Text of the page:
Russia - why Europe's top performer is risky but appealing

Russia is a risky investment - but there are plenty of inducements for brave investors. From high oil prices to strong growth, the outlook is positive. We bring you the best Russian stocks to invest in.

When it comes to risky investments, Russia is close to the top of the table. Over the past few years, the government has confiscated assets from oil giant Yukos, thus showing it has no respect for property rights; investors have also been rattled by renationalisations and plans to clamp down on foreign investment in strategic industries such as energy.

Nonetheless, the market also offers plenty of inducements for brave investors. Thanks mainly to high oil prices, along with tax cuts and rising consumption, the economy is humming, with growth running at 6.5%. Inflation and unemployment have been tamed and the government budget and balance of payments boast respective surpluses of 12% and 13% of GDP. "It's just a totally different country" to the mess it became after the Asian crisis, says Roland Nash of Renaissance Capital. This backdrop helps explain why the stockmarket has gained 24% this year, making it Europe's top performer.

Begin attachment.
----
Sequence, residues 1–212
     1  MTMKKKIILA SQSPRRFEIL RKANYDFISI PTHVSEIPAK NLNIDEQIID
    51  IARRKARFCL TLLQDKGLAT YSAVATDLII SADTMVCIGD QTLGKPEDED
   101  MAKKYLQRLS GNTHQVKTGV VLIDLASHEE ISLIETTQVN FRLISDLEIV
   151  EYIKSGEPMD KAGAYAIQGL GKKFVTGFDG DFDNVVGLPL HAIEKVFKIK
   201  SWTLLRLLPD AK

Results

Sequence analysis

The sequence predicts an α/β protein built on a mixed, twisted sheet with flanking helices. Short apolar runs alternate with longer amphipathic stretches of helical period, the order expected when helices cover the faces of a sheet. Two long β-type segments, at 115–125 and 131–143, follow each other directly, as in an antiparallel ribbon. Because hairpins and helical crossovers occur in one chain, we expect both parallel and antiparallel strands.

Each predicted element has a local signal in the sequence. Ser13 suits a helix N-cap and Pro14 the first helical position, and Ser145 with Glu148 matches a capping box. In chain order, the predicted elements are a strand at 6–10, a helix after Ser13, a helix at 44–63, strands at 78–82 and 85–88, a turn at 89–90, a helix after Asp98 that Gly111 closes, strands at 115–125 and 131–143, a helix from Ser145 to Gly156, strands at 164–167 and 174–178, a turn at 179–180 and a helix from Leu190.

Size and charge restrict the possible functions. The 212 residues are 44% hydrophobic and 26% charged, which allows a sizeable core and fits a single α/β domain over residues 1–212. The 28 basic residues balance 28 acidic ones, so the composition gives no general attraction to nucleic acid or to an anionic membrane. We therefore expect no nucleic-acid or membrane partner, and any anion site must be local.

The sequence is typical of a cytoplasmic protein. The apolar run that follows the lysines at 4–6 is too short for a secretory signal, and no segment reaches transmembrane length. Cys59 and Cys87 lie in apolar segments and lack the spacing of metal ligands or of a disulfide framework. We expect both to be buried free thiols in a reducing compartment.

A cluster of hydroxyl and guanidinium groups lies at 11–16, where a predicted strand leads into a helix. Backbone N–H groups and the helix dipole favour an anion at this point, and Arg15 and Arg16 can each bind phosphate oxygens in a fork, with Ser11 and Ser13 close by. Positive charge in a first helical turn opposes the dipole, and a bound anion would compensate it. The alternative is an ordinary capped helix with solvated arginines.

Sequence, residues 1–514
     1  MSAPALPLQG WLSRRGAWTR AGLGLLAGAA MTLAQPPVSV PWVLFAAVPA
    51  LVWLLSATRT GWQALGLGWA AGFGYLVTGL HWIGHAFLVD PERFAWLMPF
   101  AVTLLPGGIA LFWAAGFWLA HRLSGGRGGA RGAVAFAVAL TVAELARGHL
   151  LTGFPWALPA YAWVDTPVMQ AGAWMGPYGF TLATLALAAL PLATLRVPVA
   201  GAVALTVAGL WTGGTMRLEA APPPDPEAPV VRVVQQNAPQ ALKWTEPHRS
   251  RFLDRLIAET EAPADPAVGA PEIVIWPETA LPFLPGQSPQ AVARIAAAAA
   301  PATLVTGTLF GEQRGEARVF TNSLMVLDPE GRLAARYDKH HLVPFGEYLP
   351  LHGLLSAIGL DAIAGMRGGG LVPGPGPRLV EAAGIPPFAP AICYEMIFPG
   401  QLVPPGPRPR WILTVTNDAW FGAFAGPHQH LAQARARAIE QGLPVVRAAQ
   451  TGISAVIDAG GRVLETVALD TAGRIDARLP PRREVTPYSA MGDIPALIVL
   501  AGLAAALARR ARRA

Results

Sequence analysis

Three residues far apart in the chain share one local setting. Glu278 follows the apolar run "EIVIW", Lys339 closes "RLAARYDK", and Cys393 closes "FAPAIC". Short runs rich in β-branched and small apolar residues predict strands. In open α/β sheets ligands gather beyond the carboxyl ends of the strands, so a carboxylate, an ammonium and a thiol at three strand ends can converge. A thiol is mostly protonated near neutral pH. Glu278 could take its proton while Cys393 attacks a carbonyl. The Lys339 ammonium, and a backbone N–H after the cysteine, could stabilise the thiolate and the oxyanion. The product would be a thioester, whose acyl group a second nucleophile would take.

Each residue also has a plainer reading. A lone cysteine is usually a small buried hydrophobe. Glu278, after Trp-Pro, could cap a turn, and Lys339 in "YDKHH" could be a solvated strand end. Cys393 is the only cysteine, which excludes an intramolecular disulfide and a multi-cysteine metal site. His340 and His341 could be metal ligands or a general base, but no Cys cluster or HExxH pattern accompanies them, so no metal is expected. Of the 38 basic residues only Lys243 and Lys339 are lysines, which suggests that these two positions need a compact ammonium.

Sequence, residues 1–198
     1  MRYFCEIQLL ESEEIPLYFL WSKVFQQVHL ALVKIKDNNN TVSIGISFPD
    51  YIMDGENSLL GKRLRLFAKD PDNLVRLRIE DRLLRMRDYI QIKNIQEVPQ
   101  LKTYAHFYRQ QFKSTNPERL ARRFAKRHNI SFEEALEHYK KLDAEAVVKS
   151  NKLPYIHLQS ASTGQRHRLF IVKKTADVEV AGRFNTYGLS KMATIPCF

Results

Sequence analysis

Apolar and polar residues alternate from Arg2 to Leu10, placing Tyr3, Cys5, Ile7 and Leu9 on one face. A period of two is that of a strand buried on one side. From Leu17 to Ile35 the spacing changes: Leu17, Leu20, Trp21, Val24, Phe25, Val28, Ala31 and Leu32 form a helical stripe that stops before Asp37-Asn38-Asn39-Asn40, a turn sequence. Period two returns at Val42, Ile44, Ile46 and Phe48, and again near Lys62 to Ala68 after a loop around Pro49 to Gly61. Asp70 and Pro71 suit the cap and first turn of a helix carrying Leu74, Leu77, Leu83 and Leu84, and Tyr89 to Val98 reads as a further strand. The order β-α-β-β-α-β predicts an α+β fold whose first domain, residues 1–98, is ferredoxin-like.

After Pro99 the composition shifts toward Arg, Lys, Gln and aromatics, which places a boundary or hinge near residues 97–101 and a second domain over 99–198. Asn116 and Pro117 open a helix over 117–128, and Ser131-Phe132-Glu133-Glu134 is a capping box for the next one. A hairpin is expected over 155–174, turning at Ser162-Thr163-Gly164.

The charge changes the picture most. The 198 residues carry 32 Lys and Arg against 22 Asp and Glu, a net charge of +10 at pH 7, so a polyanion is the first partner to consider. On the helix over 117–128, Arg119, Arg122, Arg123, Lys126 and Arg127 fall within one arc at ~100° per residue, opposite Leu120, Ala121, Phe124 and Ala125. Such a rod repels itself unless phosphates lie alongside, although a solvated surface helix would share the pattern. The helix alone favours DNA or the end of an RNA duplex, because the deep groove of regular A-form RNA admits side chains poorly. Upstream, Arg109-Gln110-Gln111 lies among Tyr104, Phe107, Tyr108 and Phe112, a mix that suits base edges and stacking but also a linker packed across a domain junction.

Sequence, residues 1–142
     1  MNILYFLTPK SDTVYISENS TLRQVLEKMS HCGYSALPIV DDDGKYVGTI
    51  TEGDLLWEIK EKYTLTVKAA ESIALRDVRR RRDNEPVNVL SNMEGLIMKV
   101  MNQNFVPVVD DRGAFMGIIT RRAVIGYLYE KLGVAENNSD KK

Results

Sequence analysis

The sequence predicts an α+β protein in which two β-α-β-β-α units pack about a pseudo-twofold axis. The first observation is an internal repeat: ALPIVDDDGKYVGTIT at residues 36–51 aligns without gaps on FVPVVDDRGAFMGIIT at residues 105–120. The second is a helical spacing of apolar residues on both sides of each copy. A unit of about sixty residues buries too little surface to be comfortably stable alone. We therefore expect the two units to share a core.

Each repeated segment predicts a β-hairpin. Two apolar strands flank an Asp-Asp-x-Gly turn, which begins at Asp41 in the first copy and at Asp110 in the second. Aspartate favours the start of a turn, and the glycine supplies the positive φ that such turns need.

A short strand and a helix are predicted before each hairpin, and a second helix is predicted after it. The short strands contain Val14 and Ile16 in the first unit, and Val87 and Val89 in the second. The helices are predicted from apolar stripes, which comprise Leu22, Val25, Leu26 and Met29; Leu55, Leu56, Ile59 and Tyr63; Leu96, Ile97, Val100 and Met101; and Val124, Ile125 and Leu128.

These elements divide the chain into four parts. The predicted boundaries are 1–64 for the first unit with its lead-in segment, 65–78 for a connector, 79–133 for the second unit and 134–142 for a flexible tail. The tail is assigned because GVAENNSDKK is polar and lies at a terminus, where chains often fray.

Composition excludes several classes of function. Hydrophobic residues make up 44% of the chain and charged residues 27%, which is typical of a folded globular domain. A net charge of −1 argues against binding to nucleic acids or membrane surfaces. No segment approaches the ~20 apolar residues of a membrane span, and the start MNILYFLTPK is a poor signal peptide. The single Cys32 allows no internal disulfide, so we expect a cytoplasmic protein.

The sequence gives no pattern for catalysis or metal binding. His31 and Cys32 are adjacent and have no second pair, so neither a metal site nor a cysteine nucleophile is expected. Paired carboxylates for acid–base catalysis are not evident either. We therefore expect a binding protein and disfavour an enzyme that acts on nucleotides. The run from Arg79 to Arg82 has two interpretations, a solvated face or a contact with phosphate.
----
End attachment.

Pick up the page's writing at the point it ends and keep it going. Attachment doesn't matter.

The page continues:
The outlook is positive, says Plamen Monovski of Merrill Lynch. While emerging markets are vulnerable to rising global-risk aversion, Russia's strong growth and undemanding valuation it is on a p/e of eight should continue to buoy the market, he says. Energy prices are set to stay high, which bodes well for growth, but Russia is not just an energy story. The emerging banking sector should soon begin to support economic growth; at present, less than 1% of the population has taken out any kind of loan at all. That presages plenty of potential for market leader Sberbank (SBNA, e172 in Frankfurt), while Monovski likes gas giant Gazprom (OGZD, $44 in London) not least because it will benefit from future gas-price rises in Russia. A UK-based pure fund play on Russia is the Neptune Russia and Greater Russia fund, up 63% in the past year.

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Andrew Van Sickle

Andrew is the editor of MoneyWeek magazine. He grew up in Vienna and studied at the University of St Andrews, where he gained a first-class MA in geography & international relations.

After graduating he began to contribute to the foreign page of The Week and soon afterwards joined MoneyWeek at its inception in October 2000. He helped Merryn Somerset Webb establish it as Britain’s best-selling financial magazine, contributing to every section of the publication and specialising in macroeconomics and stockmarkets, before going part-time.

His freelance projects have included a 2009 relaunch of The Pharma Letter, where he covered corporate news and political developments in the German pharmaceuticals market for two years, and a multiyear stint as deputy editor of the Barclays account at Redwood, a marketing agency.

Andrew has been editing MoneyWeek since 2018, and continues to specialise in investment and news in German-speaking countries owing to his fluent command of the language.